Later on Tuesday, Jones himself took to the stand. Asked by his attorney F. Andino Reynal how he was feeling, he replied, “I actually feel good. Because I get a chance to—for the first time—say what’s really going on instead of the corporate media high powered law firms manipulating what I actually did.”
The defense’s only witness, Jones was almost immediately at loggerheads with Gamble once again, complaining that Lewis had been allowed “to monologue,” and he wasn’t.
Jones’ testimony, which lasted for over an hour, was frequently punctuated by bursts of coughing that he blamed on a “torn larynx.” The coughing became so bad that Gamble eventually passed him a lozenge. He thanked her.
“That’s the exception to the food in the courtroom [rule],” Gamble said, to weak laughter.
Off the back of further questions from Reynal, Jones was quick to claim that he “never intentionally tried to hurt” Lewis and Heslin. He also pounced on the opportunity to challenge the introduction of the Infowars clip, protesting that it was “not fair” that the footage had been cut down to less than a minute.
Reynal, reportedly the eleventh lawyer to formally represent Jones in the case, had to rein his client in as he swerved dangerously close to tinfoil-hat territory. “Let’s slow down a bit,” the attorney said, after Jones testified that he viewed his job as a means to reveal “the matrix” to his audience.
(Reynal himself has been rebuked by Gamble a number of times over the course of the trial, including at least twice for chewing gum in her courtroom, according to a Texas Monthly reporter. In another instance, he had to apologize after he used his middle finger to flip off Mark Bankston, a lawyer for the plaintiffs, out of Gamble’s sight.)
Jones also found time to claim on the stand that he has not had an email address for the last decade—a claim that is undercut by a March hearing in which a discovery document was produced to contradict it. Under oath, he also told the court that he was bankrupt, which he is not.
Bankston interrupted proceedings at that point to motion to be heard outside the presence of the jury. With the panel out of the room, the prosecutor raised a concern that Reynal was intentionally soliciting false testimony from Jones on the stand.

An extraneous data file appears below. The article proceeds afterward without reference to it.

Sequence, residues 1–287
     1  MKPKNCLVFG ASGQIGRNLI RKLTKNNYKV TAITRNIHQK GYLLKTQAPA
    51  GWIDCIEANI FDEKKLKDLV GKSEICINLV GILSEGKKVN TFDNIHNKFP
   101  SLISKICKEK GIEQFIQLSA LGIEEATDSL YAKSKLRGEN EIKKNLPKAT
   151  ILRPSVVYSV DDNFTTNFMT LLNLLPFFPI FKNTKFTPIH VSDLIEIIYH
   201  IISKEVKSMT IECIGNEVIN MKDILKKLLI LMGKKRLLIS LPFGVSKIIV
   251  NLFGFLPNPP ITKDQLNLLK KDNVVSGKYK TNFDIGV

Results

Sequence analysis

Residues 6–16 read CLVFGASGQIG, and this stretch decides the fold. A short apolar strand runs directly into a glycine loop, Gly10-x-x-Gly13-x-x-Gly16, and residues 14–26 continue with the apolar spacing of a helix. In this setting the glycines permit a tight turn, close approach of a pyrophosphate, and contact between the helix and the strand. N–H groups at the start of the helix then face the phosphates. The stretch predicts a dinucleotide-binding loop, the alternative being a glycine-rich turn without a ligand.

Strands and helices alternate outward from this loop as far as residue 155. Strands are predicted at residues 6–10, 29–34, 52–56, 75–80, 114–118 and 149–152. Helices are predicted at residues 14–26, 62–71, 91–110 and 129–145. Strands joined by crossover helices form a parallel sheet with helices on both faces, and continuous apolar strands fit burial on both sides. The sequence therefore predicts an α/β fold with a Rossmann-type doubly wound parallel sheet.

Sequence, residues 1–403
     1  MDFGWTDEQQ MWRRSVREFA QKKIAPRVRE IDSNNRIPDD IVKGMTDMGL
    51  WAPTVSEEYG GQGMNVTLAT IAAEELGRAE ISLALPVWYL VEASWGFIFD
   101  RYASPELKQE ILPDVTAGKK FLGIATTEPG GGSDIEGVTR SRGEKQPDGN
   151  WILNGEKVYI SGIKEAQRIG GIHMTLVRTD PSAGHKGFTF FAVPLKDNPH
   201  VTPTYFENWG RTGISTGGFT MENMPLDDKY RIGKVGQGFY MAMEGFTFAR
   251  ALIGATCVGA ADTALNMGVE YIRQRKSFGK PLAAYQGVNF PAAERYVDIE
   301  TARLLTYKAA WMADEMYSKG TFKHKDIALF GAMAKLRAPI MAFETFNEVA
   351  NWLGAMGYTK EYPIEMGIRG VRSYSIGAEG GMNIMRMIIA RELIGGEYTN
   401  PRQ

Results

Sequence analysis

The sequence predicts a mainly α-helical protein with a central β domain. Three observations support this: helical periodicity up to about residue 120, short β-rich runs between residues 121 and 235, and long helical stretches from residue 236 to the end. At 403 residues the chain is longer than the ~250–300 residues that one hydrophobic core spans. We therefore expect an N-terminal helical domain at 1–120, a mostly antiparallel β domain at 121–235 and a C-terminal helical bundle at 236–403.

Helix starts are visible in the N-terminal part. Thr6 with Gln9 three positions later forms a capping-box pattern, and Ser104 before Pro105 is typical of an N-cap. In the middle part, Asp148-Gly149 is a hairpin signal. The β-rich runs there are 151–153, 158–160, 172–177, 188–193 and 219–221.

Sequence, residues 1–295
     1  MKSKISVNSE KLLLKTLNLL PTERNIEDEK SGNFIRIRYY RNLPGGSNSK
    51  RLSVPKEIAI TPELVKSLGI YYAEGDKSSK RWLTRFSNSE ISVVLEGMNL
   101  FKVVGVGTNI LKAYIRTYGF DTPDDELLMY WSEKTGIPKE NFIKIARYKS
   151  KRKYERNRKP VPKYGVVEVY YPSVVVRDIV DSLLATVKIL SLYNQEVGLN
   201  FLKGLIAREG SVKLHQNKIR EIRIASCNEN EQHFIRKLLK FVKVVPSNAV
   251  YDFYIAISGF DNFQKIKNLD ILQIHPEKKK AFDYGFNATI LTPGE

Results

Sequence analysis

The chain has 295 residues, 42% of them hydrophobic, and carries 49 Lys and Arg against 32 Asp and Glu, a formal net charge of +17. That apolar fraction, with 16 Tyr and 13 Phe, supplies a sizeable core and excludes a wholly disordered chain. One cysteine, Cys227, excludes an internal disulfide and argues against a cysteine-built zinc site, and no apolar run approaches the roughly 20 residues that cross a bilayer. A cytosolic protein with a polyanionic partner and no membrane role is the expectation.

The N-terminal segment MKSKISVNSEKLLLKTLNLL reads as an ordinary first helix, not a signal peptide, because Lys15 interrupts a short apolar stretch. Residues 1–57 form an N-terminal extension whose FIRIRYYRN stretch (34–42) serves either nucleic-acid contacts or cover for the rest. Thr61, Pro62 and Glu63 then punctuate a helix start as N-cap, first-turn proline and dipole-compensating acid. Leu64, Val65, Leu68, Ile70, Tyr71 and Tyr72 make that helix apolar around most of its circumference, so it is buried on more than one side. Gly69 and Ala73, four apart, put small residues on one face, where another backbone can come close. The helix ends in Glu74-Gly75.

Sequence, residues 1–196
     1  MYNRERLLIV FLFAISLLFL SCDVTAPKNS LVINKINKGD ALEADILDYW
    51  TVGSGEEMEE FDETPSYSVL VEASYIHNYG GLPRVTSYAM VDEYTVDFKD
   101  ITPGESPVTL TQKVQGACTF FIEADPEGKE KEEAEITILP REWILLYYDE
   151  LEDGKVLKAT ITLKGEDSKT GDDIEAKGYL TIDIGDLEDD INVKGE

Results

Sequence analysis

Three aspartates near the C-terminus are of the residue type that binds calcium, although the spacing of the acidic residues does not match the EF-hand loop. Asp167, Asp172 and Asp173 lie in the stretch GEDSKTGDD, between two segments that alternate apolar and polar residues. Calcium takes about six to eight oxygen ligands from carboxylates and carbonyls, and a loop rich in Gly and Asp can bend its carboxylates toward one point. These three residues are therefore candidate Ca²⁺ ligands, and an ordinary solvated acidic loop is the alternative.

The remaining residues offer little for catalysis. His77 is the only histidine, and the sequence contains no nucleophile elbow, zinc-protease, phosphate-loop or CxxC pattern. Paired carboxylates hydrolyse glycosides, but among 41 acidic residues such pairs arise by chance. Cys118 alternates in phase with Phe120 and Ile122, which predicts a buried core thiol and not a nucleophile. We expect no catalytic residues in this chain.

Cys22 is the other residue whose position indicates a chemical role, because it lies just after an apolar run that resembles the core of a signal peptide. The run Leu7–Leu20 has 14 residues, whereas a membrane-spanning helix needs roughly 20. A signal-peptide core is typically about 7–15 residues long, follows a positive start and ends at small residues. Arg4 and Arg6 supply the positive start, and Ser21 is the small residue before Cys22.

Gamble concurred. “It seems absurd to tell you again that you must tell the truth when you testify, but here I am: You must tell the truth when you testify. This is not your show,” she told Jones.
She continued to chide him, saying, “You are abusing my tolerance and making asides to the jury improperly, and in at least two cases untruthfully.”
“I believe what I said was true,” Jones replied.
“You believe everything you say is true,” Gamble said. “That does not make it true.”
After Gamble dismissed the jury for the day, Scarlett Lewis approached Jones to hand him a bottle of water. He shook hands with her and Neil Heslin, who trailed behind. In the slightly garbled audio of the livestreamed trial, Jones appeared to apologize “for today.” He began to tell Heslin, “I think people have been—a lot of the stuff you said has been manipulated—” when Bankston, the platinffs' lawyer, stepped in.
“That’s it. We’re not talking to you. And you’re not doing this,” he snapped. “That’s not even a thought. That’s not the way this goes.”
“Why? So you can’t feed ’em fake videos anymore?” Jones asked. When told to shut up, he continued: “That’s what you’re trying to do, shut my mouth. You’ll never succeed.”
Someone in the courtroom—it was unclear from the video feed—then brought up Jones’ claim that Heslin was autistic. “Hey, I think I’m autistic too, buddy,” Jones called at the plaintiffs as they filed out of the courtroom.
He will return to the stand on Wednesday morning.